Gorongosa National Park, in central Mozambique, along the southeastern coast of Africa, is rising anew from the ashes and ruination of war. The latest numbers from its 2018 aerial wildlife count, just released, show that the park’s populations of large mammals, devastated during the conflict, continue to rebound.
This is a place—rare in Africa, cause for jubilation—where most species of big fauna are vastly more numerous now than in 1992, at the end of the civil war. Surveys then found just 15 African buffalo, six lions, 100 hippo, and a handful of blue wildebeest.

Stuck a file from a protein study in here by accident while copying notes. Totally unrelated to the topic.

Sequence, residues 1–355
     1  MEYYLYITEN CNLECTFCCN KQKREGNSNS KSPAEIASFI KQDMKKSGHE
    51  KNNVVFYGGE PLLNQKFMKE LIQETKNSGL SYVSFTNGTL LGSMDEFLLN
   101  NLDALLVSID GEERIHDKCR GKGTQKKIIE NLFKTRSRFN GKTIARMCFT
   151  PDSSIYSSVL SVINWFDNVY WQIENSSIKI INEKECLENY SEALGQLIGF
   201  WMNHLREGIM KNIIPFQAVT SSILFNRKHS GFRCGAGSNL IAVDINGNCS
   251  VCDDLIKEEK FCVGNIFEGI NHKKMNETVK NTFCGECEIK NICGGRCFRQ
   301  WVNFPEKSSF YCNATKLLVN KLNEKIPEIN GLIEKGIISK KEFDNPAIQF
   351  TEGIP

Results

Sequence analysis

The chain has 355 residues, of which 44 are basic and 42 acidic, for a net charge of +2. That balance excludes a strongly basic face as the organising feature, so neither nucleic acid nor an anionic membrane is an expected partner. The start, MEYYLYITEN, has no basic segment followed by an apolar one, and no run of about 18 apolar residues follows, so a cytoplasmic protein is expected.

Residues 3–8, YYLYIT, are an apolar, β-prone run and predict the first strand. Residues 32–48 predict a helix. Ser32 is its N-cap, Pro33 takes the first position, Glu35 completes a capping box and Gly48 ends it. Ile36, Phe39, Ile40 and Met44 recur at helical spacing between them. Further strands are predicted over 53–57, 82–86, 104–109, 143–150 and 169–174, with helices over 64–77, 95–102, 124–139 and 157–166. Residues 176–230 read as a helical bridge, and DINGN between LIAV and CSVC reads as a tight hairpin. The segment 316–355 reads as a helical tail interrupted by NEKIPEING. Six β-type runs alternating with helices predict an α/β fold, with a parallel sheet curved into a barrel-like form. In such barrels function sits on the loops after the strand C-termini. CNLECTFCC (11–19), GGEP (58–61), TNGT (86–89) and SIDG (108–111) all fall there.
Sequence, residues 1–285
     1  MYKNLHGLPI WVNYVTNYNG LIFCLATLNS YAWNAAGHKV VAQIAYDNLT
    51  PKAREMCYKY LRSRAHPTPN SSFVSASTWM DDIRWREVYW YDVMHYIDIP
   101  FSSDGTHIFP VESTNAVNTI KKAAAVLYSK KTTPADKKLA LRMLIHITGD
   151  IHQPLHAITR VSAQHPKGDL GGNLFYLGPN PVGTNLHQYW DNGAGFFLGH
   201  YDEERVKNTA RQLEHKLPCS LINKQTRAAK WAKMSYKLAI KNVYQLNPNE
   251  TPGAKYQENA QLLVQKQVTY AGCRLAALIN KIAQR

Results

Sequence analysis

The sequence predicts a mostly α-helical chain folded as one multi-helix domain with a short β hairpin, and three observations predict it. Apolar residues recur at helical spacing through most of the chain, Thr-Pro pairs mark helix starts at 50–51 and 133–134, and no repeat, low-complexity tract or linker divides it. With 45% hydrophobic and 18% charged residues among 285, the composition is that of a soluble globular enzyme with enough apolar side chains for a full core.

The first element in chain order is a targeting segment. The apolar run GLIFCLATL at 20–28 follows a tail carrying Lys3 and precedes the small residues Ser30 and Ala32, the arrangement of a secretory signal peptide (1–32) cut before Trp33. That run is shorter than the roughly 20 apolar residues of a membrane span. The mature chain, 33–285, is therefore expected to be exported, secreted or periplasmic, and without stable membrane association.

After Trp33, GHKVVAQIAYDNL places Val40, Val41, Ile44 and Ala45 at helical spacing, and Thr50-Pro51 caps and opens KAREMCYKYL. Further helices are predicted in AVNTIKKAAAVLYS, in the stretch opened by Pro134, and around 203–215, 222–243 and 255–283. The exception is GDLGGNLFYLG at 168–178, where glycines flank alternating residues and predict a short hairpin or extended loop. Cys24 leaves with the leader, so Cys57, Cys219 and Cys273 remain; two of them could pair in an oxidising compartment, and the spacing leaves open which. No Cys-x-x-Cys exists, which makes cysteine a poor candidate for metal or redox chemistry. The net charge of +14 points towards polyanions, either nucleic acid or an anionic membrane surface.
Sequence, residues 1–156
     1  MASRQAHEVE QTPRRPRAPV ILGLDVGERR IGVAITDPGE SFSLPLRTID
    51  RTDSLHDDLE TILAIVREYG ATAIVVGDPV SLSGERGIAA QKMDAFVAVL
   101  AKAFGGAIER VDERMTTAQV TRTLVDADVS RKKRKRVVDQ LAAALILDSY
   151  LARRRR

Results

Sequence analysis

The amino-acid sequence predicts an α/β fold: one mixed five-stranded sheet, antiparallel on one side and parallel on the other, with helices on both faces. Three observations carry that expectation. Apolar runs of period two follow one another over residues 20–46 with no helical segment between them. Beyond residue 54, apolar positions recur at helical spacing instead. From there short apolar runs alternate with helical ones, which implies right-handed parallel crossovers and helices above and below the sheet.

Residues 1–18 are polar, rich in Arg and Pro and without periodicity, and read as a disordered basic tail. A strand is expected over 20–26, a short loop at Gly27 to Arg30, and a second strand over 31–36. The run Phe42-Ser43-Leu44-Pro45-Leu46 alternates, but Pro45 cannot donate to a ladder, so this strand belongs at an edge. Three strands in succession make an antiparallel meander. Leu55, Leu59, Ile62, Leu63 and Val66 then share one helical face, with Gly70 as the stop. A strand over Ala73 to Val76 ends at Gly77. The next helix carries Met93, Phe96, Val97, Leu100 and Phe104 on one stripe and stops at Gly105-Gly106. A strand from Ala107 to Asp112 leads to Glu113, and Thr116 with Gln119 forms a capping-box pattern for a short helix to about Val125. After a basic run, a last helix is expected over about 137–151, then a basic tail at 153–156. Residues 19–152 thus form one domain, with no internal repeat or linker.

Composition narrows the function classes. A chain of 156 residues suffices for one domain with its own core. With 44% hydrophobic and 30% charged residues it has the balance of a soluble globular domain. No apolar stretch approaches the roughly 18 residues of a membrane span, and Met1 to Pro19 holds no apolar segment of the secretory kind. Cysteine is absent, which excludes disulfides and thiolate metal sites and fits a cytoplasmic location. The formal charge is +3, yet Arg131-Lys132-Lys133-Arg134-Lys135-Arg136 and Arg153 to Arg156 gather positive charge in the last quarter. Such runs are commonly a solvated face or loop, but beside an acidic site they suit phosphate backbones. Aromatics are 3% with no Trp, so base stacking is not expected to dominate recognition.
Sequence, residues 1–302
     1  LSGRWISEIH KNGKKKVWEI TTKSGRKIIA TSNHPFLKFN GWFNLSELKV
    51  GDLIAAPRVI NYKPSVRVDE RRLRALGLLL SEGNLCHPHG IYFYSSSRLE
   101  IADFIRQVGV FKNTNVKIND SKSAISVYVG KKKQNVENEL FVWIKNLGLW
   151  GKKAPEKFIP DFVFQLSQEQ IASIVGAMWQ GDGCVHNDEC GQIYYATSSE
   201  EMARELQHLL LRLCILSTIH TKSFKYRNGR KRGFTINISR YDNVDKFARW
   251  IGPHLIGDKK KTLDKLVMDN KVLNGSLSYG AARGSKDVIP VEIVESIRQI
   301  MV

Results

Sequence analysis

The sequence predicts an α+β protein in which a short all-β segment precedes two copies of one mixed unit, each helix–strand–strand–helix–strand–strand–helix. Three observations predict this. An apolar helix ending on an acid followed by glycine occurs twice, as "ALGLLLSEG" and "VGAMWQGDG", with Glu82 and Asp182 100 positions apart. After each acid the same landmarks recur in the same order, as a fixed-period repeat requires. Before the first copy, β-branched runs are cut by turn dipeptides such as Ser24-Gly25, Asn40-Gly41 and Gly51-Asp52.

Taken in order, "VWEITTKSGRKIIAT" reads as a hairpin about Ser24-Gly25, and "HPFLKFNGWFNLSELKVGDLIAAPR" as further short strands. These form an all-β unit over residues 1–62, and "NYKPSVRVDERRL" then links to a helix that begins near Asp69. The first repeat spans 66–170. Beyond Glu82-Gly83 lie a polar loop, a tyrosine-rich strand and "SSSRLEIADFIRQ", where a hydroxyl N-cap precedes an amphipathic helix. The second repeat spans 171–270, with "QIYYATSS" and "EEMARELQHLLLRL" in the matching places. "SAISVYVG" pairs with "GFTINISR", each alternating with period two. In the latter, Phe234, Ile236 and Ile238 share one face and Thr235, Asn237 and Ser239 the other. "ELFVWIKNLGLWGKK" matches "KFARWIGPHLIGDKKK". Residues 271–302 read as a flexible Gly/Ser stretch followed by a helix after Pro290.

By the latest counts, the buffalo population is above one thousand head, hippo are at nearly 550, wildebeest above 600. Lions, though harder to count, are thriving too amid the expanded prey base.